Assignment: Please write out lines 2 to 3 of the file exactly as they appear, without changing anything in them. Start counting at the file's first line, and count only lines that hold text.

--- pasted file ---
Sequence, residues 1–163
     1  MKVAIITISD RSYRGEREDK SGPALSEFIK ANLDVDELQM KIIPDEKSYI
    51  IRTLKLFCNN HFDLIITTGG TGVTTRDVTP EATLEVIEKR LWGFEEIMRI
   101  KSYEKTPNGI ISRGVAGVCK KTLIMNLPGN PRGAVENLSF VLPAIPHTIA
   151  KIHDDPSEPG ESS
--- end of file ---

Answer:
     1  MKVAIITISD RSYRGEREDK SGPALSEFIK ANLDVDELQM KIIPDEKSYI
    51  IRTLKLFCNN HFDLIITTGG TGVTTRDVTP EATLEVIEKR LWGFEEIMRI